Malcolm turns bullish on Telstra split

Malcolm turns bullish on Telstra split

Summary: In this edition of Twisted Wire, Shadow Communications Minister Malcolm Turnbull says that a split of Telstra is long overdue and his personal preference is for a structural separation.

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In this edition of Twisted Wire, Shadow Communications Minister Malcolm Turnbull says that a split of Telstra is long overdue and his personal preference is for a structural separation.

That's a sharp difference from noises in the Opposition in the last term of government, when Nick Minchin said such a split would be unfair on Telstra shareholders. In this half-hour interview, Turnbull says that a new approach can only help Telstra's sagging share price.

Our discussion, naturally, also focuses on the government's plans for the National Broadband Network.

Turnbull has launched himself into his shadow communications portfolio with a full frontal attack on the network. Late last month he produced a private members Bill that would call on the Productivity Commission to produce an analysis of the project and said that he would support it if their findings were "incredibly persuasive". I kick off our half-hour discussion by asking him what sort of things he'd be looking for.

Running time: 29 minutes, 12 seconds

Topics: Government, Broadband, Government AU, Telcos, Telstra, NBN

About

Phil Dobbie has a wealth of radio and business experience. He started his career in commercial radio in the UK and, since coming to Australia in 1991, has held senior marketing and management roles with Telstra, OzEmail, the British Tourist Authority and other telecommunications, media, travel and advertising businesses.

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14 comments
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  • where is the video?
    schneider82
  • He's pretty convincing, if you allow him to pose the frame the problem, and then answer it.

    I wonder how he would answer how much broadband we need, up and down, in 8 years?

    How does providing subsidies... for ever.. provide competiton?
    Paul Krueger
  • Hi Schneider,

    It's scheduled to arrive at about lunch time.

    Suzanne Tindal, News Editor.
    suzanne.tindal
  • Paul,

    Providing subsidies has and will always be part of any network which is required to provide services to the bush. It's just how those subsidies are funded.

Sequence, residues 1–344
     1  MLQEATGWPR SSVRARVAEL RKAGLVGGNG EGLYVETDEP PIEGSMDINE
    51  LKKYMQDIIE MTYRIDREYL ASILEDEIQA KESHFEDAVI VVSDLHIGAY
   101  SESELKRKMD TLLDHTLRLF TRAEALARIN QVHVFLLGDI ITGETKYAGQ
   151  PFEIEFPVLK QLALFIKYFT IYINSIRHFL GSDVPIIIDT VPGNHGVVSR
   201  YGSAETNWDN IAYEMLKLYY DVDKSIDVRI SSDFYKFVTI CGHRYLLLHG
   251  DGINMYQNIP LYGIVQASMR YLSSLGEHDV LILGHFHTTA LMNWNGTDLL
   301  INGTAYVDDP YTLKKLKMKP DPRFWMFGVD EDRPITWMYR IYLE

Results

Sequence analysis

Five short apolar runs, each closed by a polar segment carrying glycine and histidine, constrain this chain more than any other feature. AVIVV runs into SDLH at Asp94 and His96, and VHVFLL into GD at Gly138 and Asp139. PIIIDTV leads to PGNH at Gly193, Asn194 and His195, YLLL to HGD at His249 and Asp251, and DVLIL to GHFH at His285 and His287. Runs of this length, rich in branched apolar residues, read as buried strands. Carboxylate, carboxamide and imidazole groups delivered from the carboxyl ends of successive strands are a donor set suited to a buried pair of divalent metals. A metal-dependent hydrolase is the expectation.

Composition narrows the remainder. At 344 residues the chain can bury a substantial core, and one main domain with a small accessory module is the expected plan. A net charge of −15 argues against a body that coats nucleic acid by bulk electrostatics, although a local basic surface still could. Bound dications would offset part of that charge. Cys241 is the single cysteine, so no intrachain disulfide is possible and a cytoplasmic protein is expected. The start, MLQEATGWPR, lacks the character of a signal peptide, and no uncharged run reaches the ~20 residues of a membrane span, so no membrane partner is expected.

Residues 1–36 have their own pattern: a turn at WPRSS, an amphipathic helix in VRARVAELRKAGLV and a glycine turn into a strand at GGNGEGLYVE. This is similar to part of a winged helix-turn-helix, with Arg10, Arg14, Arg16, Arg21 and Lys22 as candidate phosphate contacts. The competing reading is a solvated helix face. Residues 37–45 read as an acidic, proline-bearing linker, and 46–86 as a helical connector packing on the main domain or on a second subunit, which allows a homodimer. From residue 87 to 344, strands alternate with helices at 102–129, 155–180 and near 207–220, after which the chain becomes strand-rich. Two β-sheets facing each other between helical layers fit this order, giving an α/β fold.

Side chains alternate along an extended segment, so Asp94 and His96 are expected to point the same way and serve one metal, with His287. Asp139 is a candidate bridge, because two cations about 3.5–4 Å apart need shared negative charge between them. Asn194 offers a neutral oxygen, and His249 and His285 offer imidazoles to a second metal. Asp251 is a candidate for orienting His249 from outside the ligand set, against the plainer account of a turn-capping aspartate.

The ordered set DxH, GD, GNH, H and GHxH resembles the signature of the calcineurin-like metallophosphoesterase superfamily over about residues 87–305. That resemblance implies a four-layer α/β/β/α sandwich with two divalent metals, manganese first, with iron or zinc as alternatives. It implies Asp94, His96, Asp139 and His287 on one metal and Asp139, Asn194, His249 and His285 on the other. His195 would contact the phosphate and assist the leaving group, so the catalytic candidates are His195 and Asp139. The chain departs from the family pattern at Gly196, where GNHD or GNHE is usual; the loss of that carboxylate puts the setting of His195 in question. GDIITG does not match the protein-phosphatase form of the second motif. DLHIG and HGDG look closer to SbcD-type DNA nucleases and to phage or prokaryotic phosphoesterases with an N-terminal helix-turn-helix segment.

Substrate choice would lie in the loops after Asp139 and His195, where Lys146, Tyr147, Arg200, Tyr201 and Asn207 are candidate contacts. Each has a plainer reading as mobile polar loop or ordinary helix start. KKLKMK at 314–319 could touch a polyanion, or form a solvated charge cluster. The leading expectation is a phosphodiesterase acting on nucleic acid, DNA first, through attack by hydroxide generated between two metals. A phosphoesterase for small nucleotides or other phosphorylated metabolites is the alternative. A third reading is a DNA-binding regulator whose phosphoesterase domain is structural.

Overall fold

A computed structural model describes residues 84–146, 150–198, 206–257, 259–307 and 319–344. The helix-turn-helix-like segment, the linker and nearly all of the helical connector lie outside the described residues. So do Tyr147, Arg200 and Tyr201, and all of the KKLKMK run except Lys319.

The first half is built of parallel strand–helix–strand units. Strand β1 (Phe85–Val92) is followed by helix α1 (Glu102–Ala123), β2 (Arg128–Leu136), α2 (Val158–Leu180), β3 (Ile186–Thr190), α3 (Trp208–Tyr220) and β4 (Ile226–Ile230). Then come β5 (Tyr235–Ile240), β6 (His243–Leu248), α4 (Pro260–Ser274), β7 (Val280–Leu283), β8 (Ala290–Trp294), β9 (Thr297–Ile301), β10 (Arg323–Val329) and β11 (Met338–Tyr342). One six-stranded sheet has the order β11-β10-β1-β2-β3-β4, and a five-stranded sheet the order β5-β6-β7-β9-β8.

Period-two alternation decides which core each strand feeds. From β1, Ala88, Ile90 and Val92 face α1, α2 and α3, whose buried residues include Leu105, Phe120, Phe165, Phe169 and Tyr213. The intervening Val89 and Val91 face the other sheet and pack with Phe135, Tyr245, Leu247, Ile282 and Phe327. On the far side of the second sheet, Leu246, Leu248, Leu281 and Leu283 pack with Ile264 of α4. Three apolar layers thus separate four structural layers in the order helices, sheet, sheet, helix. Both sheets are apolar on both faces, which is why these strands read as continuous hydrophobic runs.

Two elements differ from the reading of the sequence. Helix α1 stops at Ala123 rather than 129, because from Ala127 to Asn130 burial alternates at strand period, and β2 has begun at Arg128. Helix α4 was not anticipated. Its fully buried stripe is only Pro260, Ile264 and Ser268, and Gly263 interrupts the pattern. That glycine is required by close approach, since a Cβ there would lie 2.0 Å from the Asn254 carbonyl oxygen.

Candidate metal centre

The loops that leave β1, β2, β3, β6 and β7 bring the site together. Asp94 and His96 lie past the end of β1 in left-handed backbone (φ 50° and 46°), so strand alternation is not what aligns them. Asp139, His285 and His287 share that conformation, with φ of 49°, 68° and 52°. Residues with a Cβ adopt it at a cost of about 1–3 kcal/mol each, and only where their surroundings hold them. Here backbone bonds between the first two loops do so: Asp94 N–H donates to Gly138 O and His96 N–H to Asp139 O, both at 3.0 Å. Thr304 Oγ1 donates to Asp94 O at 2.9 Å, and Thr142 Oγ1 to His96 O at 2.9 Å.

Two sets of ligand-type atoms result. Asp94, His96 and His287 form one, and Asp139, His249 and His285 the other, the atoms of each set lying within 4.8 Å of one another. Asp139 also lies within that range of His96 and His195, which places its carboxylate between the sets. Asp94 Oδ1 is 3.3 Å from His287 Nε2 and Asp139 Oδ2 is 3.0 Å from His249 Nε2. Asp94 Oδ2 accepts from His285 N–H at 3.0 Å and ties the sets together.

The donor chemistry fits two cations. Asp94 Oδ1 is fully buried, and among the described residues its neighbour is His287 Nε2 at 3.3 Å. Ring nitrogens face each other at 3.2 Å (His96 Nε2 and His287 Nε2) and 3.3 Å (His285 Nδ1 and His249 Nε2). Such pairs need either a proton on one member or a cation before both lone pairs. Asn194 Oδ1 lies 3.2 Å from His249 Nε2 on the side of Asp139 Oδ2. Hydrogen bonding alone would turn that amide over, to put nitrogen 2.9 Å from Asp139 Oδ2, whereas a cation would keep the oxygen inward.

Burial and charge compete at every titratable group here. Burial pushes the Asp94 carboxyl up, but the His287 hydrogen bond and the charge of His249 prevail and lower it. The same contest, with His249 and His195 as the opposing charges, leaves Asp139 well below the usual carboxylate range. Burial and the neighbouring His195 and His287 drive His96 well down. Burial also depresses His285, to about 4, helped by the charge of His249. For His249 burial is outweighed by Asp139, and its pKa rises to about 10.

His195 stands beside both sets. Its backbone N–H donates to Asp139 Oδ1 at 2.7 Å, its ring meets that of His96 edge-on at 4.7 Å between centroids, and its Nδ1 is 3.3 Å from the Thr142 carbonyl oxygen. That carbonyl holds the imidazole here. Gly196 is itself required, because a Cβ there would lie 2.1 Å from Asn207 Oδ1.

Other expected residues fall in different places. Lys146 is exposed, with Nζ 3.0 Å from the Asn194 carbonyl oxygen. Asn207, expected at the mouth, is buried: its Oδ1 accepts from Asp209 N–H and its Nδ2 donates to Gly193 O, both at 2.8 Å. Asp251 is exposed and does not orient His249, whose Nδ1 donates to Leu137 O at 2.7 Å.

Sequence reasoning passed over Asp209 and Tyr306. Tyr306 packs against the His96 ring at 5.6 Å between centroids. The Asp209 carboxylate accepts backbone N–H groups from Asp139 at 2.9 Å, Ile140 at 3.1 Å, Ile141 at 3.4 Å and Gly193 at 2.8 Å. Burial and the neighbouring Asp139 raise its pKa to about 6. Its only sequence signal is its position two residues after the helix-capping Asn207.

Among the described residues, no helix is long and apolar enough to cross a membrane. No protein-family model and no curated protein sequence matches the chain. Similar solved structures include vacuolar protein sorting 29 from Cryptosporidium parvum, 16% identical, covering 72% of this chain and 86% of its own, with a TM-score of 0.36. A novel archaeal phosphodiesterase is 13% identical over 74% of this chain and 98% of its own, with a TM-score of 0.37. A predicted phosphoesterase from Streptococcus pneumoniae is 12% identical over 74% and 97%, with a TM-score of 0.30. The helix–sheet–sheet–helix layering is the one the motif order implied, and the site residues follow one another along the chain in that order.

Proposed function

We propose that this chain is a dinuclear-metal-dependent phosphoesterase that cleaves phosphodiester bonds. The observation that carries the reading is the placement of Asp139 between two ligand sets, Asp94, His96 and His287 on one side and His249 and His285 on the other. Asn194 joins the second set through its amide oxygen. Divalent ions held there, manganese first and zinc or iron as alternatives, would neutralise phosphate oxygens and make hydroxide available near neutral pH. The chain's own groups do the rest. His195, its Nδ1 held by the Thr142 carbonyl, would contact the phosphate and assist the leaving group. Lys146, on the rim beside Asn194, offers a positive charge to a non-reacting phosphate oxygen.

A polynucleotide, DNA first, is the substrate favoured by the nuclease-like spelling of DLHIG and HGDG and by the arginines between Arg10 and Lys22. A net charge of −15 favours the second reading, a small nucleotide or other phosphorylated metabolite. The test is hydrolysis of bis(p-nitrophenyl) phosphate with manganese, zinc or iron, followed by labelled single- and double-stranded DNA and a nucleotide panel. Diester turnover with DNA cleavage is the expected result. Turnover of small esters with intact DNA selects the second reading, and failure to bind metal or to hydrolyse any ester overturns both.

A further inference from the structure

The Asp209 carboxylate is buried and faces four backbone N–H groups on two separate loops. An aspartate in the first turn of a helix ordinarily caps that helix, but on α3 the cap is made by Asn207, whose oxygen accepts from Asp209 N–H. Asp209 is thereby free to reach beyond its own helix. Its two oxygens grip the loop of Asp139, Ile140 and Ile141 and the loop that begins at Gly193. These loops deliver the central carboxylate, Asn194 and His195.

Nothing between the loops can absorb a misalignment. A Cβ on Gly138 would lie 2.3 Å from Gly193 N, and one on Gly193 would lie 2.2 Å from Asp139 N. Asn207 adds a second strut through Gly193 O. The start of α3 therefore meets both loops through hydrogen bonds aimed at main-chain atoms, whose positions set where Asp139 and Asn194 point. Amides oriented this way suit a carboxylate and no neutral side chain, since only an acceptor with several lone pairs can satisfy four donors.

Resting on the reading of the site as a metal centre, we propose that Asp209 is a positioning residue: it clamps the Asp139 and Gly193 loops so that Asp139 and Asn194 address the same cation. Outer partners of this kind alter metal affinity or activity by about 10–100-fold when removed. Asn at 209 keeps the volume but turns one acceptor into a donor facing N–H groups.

To give an example of how well competition works look at the mobile industry. Both Optus and VHA now believe they have the customer base to allow them to compete in the bush on both speed and coverage against Telstra and to that end are now rolling out towers to remote communities. There is NO government subsides in Mobile Networks instead each operator sees the benefit to their existing customer base and a way to increase their customer base. It's a lot harder to do this with Fibre or any other fixed service but there are ways and I think the processes which exists in the mobile industry like being able to log on to the network from a hotel room could make the Rural areas stack up. Remember it's the business community that will really pay for this network.
    schneider82
  • Where did the urban myth that more than 50% of Japan is on fibre come from? (6.51 min) According to Mr Son of Softbank, speaking at the press conference in Japan which The Australian famously misrepresented http://www.ustream.tv/recorded/10492183, it is he who has miraculously come up with the idea that the way forward is to follow the NBN plan of replacing copper with fibre to the premises throughout Japan and it is Japan's Telstra which needs persuading. Yet Malcolm, and it must be said, you, repeat this apparently incorrect information that Japan is blessed with widespread fibre and has been for a long time.

    In other respects, I think it is unfortunate that you did not test Malcolm with the observations made by your colleague, David Braue, at http://goo.gl/yaS83. It would be useful if you were to have a rematch with Malcolm and put these points to him. He is readily available, after all.

    The problem in this debate has always been the tendency to overlook the words "maximum" and "minimum". When speeds are quoted, those who live in NBN world tend to speak in minimum speeds, whereas those who live in Turnbull world seem to speak in maximum speeds.

    David allegedly receives 100 meg on his HFC connection but in practice is lucky to get 10. I max out at 10 Meg on my 24 Meg ADSL2+ connection at less than 1km from the exchange. Presumably this is a shared experience, but how widely? Consequently, when Malcolm says "12 meg is adequate" does he mean maximum or minimum, and for how much of the time? Maybe people don't pay for HFC simply because they don't get the promised speeds sufficiently consistently.